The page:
Gonzales to hire crossing guards


Contract aims to make routes safer for pedestrians

GONZALES — City of Gonzales is aware of the concern for students walking on Fifth Street and is in the process of hiring a crossing guard service for 2019.

“We’re trying to figure out a way of making our streets safer to cross right now, particularly the school year,” said City Manager Rene Mendez. “We’ve been talking to the school about this for a while.”

Mendez and city staff have spoken with other Monterey County cities and school districts that have also entered into a contract for crossing guard services.

“It’s been harder and harder as the environment changes to rely on volunteers, parent groups, and others have gone through professional groups just because insurance, liability training, so forth,” said Mendez. “The idea here is to pay for crossing guard services during the school year.”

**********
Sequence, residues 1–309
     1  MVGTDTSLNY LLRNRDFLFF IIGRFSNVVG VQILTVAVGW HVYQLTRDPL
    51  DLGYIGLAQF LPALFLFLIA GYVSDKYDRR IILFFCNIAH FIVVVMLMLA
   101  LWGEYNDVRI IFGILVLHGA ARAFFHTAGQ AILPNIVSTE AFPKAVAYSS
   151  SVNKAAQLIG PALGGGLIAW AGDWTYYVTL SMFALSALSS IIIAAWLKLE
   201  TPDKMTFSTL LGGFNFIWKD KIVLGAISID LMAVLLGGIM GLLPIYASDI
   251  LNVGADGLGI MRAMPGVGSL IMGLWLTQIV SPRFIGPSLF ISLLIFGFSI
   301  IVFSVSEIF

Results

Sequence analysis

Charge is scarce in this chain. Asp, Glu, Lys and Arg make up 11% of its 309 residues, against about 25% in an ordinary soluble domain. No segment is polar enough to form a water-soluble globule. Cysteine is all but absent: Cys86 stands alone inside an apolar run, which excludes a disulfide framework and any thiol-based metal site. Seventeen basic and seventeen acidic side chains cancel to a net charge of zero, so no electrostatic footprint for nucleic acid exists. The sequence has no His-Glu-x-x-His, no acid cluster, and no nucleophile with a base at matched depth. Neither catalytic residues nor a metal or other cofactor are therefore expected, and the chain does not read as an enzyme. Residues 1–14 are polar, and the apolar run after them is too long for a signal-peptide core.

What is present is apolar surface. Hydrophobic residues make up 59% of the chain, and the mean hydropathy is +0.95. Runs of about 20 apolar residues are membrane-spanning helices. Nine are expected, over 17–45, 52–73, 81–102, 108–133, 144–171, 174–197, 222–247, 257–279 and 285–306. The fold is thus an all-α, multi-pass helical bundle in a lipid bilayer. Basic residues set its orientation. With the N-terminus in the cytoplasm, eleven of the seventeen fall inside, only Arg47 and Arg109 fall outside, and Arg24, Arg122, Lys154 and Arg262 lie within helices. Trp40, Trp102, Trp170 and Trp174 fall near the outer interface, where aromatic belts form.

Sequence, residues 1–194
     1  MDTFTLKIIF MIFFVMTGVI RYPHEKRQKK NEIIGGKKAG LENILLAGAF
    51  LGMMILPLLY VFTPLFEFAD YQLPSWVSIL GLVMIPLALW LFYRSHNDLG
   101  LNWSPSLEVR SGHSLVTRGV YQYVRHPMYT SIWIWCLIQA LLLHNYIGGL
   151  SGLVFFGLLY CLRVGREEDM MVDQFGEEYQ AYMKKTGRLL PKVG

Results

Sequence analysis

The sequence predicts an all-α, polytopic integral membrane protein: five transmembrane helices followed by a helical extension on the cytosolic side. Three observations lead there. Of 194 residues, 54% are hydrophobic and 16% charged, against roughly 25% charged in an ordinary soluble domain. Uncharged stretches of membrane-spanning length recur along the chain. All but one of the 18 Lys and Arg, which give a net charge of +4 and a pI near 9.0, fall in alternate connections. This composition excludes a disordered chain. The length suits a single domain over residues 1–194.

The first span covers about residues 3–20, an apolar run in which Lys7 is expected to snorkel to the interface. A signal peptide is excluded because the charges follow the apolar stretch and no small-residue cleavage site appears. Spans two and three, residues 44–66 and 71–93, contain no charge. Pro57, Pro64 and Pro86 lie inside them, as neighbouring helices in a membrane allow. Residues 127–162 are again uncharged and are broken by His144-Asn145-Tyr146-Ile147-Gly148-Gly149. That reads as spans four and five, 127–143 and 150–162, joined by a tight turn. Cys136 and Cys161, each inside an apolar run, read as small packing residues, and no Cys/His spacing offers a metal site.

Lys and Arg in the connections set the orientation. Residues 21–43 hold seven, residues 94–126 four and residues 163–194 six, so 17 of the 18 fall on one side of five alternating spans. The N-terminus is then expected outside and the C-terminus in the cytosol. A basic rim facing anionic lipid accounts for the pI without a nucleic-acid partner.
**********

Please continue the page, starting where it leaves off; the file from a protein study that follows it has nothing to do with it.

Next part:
The areas in consideration for crossing guard services are both ends of the bridge, First and Elko as well as Fifth and Elko, and the final one is in front of La Gloria Elementary School. The city and school district would be looking at a total of five crossing guards to start out with in the morning and after school.

“The school has expressed an interest in splitting it 50/50 with us,” Mendez said. “This will make the intersections safer during the school year.”

The city had the chance to observe traffic conditions during the Alta Street Project and, according to Mendez, by using crossing guards the traffic flowed a bit better. The city is aware of the need for capital improvements to the bridge.

Mendez said it would take about three months before a crossing guard service would be in effect and then three months to see if it works.

“This doesn’t lock us into a long-term contract,” he said. “If we do it and we don’t think it’s working ... we can terminate the contract and try something else.”

The contract would be between the City of Gonzales and All City Management Services for $112,000 per fiscal year.

A fix for vehicle congestion in the area is a more difficult problem, Mendez said, and will require a future solution.

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